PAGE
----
BAGHDAD (AFP) – Prime Minister Nuri al-Maliki’s calls for a recount of votes from Iraq’s polls were on Sunday rebuffed by its election commission, amid a tight race to form the biggest bloc in parliament.
Maliki’s about-face from previous remarks that complaints over the March 7 election would not affect the results was condemned by the Iraqiya bloc which is neck-and-neck with his State of Law Alliance.
Results from the vote, the second since Saddam Hussein was ousted in the US-led invasion of 2003, come less than six months before the United States is due to withdraw all of its combat troops from Iraq.
Latest figures from Iraq’s election commission based on 95 percent of ballots cast showed State of Law trailing the Iraqiya bloc of secular ex-premier Iyad Allawi by around 11,000 votes nationwide.
In a statement on Sunday, Maliki called on Iraq’s election commission to “immediately answer the demands of political parties to proceed with a manual recount” which he said would “protect political stability … and prevent a return to violence.”
The statement, which pointedly noted that Maliki remained head of the country’s armed forces, did not specify whether he wanted a nationwide recount, or only in particular provinces.
It differs markedly from Maliki’s own comments just a week ago, when he said election complaints “cannot affect the results.”
Hundreds of people demonstrated in support of Maliki in the holy city of Najaf as 10 provincial governors, all State of Law, issued a statement also calling for a recount.
In his own statement, President Jalal Talabani also called for “a new manual recount” in some of the country’s provinces, but did not say which ones.
Iraq’s Independent High Electoral Commission (IHEC) rejected the demands for a manual recount, however, saying it would take “too long.”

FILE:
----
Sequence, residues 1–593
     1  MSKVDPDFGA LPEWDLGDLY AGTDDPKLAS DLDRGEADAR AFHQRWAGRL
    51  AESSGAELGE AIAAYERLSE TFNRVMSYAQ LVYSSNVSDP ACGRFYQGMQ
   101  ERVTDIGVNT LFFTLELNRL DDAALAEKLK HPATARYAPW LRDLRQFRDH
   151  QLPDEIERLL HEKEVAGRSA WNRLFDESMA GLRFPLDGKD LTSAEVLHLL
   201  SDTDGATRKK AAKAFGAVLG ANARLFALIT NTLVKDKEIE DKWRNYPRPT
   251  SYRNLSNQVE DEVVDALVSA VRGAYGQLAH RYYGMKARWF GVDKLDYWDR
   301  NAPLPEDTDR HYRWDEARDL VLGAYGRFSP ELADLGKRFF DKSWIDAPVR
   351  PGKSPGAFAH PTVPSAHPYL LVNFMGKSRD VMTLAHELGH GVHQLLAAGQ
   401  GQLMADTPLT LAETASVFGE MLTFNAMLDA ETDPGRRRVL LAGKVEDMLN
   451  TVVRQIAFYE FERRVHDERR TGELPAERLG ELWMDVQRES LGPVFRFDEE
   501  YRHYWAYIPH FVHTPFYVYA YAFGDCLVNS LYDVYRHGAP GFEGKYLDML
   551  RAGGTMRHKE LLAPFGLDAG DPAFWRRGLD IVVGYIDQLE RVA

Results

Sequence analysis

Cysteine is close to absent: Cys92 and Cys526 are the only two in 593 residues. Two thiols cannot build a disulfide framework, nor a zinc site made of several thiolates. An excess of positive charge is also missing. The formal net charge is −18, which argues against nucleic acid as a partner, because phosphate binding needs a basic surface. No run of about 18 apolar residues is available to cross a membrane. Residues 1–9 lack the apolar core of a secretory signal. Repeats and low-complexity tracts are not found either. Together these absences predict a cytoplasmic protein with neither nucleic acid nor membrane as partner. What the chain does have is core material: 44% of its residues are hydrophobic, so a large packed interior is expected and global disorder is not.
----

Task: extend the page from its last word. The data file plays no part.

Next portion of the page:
“We have provided all political entities with CDs with the results of counting at the political centres, after thorough checks on our part,” commission chief Faraj al-Haidari told AFP.
“If they have doubts and think that there are errors, they can ask us to hold recounts at particular centres, but not across all of Iraq,” he added.
He later told a press conference at IHEC’s data entry centre in Baghdad’s Green Zone: “Some people have demanded a new count for an entire city or across the country — this is like saying we need a whole new election.”
“If you do not believe in modern technology, how would you have confidence in the pen of a public worker?”
Senior Iraqiya candidate Intisar Allawi, a relative of the bloc’s leader, denounced Maliki’s remarks as a “clear threat against the commission”, adding that a manual recount was a “contradiction” fuelled by news that Iraqiya had taken the lead in the nationwide vote tally.
Although she declined to say a manual recount was unnecessary, she said such action “would mean a delay of the results for several months.”
“This would lead to a political vacuum that would affect the security situation.”
IHEC officials and Western diplomats have downplayed any allegations of fraud, and pleaded for patience as the vote count, which has so far taken two weeks, continues.
Final results from the election are due to be published on March 26.
Figures released on Saturday showed Iraqiya garnered 2,631,388 votes compared with State of Law’s 2,620,042, a difference of 11,346.
The nationwide vote count is an indication of the tight race between the two main rivals, but it was not immediately clear how their tallies would affect the number of seats they win in parliament.
Maliki’s bloc currently leads in seven of Iraq’s 18 provinces, including the single biggest Baghdad and six other mostly Shiite southern provinces. Allawi, meanwhile, is ahead in five mostly Sunni provinces but looks likely to win several seats in Shiite areas.
Iraq’s proportional representation system makes it unlikely difficult for any single group to clinch the 163 seats required to form a government on its own.